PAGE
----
What Your Small Business Custom Software Vendor Isn’t Telling You

It’s time we address the common misconception that using a cloud-based software solution is enough to keep a small business safe from rampant cyber threats.

Custom software is big business. Software vendors develop digital solutions specifically for niche verticals, from dental practices to dog kennels to accounting services. Small businesses use these products to manage their practice; handle scheduling, billing, and communication; support sales and marketing; and store critical data. A growing number of these solutions are cloud-based. There is undeniable data security in the cloud. Since data is stored remotely, not at the business’ physical location, users can rest assured that should something happen to their office or equipment, their data is secure.

However, custom software, cloud-based or otherwise, is not a substitute for network security best practices. Small business cybercrime is on the rise. In fact, almost 50 percent of small businesses have experienced a cyberattack. Companies that must meet HIPAA compliance need to be especially vigilant. Cybercriminals target care services more frequently than any other industry, in part because these organizations have such valuable data to steal—private, personal information.

Small business owners are sometimes lured into a false sense of security by their custom software providers. Although custom software and cloud computing afford a host of benefits on their own they aren’t enough to protect your business from threats. In addition to misconceptions about network security, small business owners are often left wanting more from their software vendors in terms of support. Service varies depending on the provider, but small businesses usually require more personalized attention than a software company can offer. Here’s what your small business custom software vendor isn’t telling you.

  1. Small Business Custom Software Doesn’t Protect You from All Threats

Busy small business owners are relieved to learn that by purchasing quality software, they can check a lot of boxes, including data security in the cloud. They breathe a sigh of relief and believe the solution will address all their network security needs. Unfortunately, that simply isn’t true.

Here’s an example. There is a common form of malware called keylogging in which cybercriminals infect your system with software that tracks your every keystroke. With the aid of technology, they sift through your behavior and sniff out useful data, such as login IDs, passwords, and financial information. Cloud computing doesn’t protect you from these attacks, or the myriad other ways determined hackers can infiltrate your network.

  1. Small Businesses Need to Protect “the Edges”

Companies of all sizes should take measures to protect critical data and thwart, or at least slow down, cybercriminals. This includes installing and regularly updating a firewall, installing and updating anti-virus and anti-malware software on all of your computers, protecting your public and business Wi-Fi networks, creating strong passwords, and educating your employees.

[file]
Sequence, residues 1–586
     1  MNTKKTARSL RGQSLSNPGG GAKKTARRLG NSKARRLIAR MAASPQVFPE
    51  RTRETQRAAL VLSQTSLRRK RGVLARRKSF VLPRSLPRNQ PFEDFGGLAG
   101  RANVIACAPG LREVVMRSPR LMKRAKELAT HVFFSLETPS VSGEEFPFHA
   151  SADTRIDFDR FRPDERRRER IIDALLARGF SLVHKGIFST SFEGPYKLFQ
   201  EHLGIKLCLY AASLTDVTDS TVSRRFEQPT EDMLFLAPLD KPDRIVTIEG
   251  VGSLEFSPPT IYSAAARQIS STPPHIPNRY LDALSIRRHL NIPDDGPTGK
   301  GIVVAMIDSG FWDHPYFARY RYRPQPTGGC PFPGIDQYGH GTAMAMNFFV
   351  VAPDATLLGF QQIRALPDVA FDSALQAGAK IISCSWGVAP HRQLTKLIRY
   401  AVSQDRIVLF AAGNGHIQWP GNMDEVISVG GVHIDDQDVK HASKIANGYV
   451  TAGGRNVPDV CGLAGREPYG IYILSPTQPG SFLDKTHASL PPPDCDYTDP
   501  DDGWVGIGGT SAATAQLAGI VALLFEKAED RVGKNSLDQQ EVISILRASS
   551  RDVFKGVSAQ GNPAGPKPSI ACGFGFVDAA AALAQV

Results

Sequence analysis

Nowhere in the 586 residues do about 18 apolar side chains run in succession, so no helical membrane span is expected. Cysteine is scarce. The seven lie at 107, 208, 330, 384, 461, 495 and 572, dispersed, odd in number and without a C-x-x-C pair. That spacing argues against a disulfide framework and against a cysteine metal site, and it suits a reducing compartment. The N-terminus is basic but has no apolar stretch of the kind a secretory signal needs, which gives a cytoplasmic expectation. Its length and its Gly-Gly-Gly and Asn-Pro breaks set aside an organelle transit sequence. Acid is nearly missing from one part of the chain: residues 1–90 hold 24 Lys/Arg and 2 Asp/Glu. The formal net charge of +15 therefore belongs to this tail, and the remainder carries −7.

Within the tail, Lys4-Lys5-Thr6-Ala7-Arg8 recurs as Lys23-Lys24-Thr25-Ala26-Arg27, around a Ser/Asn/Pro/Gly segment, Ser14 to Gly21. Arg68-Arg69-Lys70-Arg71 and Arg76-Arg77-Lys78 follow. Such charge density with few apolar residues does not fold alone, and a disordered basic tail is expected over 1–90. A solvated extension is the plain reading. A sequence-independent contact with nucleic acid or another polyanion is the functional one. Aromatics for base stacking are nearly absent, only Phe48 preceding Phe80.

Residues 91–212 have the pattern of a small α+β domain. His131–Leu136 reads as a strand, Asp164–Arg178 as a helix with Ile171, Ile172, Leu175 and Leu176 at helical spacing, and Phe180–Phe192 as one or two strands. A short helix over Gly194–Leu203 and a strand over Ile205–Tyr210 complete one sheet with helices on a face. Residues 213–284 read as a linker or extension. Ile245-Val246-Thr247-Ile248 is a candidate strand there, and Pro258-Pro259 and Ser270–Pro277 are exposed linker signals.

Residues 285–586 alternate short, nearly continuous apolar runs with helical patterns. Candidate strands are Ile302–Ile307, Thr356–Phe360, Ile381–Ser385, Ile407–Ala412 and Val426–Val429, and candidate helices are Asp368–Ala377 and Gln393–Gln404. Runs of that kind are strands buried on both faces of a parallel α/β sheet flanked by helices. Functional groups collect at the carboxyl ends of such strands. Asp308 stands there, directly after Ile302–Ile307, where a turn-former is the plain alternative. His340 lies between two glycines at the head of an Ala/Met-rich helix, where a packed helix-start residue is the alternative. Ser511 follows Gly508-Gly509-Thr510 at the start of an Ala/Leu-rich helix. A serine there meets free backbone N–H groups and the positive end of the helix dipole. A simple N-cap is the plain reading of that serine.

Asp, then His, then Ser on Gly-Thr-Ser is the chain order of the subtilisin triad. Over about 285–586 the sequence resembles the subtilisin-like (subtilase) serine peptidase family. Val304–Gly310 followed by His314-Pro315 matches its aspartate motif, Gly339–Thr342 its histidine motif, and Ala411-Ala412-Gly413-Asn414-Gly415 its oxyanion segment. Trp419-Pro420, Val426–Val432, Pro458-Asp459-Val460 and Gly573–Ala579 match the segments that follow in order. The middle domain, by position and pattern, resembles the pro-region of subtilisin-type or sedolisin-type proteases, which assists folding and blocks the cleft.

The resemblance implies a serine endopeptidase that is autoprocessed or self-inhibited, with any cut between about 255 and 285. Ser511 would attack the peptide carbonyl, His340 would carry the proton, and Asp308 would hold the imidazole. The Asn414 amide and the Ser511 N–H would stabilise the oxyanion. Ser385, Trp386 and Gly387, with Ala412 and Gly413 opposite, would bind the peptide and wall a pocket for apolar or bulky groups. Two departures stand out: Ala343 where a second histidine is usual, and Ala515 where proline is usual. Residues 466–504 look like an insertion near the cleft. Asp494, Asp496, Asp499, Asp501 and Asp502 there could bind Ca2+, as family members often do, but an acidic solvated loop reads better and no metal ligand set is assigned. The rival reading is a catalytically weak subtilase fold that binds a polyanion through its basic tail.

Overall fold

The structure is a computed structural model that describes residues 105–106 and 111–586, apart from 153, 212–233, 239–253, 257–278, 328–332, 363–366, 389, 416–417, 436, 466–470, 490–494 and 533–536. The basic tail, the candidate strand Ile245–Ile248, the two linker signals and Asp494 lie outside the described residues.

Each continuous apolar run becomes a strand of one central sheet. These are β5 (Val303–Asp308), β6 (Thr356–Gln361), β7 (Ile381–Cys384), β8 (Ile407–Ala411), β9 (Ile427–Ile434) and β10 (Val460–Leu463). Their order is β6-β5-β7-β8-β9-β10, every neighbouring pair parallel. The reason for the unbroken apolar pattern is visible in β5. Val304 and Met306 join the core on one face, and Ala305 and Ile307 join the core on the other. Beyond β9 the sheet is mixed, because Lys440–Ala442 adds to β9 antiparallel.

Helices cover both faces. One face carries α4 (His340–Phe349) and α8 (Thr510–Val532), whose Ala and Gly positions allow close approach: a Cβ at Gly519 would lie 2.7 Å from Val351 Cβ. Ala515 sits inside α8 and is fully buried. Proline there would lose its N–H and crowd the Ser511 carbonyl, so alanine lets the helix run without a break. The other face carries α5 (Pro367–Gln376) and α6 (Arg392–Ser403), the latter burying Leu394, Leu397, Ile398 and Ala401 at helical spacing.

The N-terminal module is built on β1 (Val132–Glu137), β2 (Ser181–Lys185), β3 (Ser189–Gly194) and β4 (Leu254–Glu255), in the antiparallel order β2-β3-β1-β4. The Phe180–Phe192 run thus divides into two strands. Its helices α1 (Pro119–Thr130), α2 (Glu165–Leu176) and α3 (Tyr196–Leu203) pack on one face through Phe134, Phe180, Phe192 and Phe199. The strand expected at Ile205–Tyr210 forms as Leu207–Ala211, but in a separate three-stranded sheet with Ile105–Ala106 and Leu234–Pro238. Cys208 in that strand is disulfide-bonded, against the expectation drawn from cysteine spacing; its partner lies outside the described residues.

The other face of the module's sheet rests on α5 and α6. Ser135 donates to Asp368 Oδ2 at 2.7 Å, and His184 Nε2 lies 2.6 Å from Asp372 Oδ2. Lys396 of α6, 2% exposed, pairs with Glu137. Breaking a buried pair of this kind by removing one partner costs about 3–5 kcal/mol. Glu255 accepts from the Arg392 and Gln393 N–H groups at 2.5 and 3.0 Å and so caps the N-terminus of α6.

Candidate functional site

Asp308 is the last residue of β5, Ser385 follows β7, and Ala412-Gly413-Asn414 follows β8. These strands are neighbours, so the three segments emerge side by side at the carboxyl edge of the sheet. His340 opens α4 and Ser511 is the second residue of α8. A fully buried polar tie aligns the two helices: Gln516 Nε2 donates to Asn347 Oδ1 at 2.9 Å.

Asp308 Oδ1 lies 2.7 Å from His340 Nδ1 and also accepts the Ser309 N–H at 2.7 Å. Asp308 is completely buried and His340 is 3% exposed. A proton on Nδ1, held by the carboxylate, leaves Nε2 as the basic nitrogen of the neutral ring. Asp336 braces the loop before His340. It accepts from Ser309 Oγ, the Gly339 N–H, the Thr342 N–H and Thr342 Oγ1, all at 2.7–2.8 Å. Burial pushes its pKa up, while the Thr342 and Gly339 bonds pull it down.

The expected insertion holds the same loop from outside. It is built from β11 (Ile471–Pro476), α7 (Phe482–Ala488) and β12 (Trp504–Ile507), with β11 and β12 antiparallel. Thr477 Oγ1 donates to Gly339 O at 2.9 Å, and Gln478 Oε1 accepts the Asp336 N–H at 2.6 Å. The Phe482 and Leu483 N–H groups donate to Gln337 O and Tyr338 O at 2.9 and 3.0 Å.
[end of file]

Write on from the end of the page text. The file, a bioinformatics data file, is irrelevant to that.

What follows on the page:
Many small businesses do not realize how rampant security threats are or how to fully protect against them. Government agencies and the military employ a multi-layer, defense-in-depth security strategy plan to preserve their critical data. They understand that determined hackers may find a way in no matter what they do, so they set up as many roadblocks as possible to slow them down and give hackers an opportunity to slip up and make their presence known.

Small businesses can emulate this strategy and devise their own multi-layer approach to network security. Cloud computing can be a vital part of the plan, but it also needs to involve other elements, like a firewall, intrusion protection system, VPNs for secure remote connectivity, and Internet content filtering. Custom software providers simply do not provide this protection. It’s not their job to. But it is a small business owner’s job to understand the truth about his or her company’s digital safety.

  1. You Probably Need an Additional Data Backup Service

Your data is your business. Think about all the different components of your operation. Then think about how challenging it would be to recreate that information should something unexpected happen to it. You are storing billing data, payroll and tax records, customer and business credit card information, internal systems, website data such as source code, text and images, as well as social media assets. Is your custom software backing up all of these elements? Probably not!

Businesses need to analyze the data backup services their custom software partner is providing. If it isn’t handling every piece of business-critical data, an additional solution is required. (These tips for choosing a cloud backup provider can get you started.) Test the restore procedures regularly to make sure that if the time comes, they will be able to retrieve their information quickly.

Cloud-based custom software can be a sizeable investment. Certainly, it serves multiple purposes, and software providers are wise to promote those benefits as they sell their products; but they are not a substitute for IT services! Too many small businesses are lulled into a false sense of cyber security by their cloud-based custom software vendor.

How would your business withstand a cyberattack? Do you know where you stand with your cloud software security? Anderson Technologies, a St. Louis IT consulting company, can evaluate your cybersecurity and help you form a plan for preserving your data. To learn more, call 314.394.3001 or email info@andersontech.com today.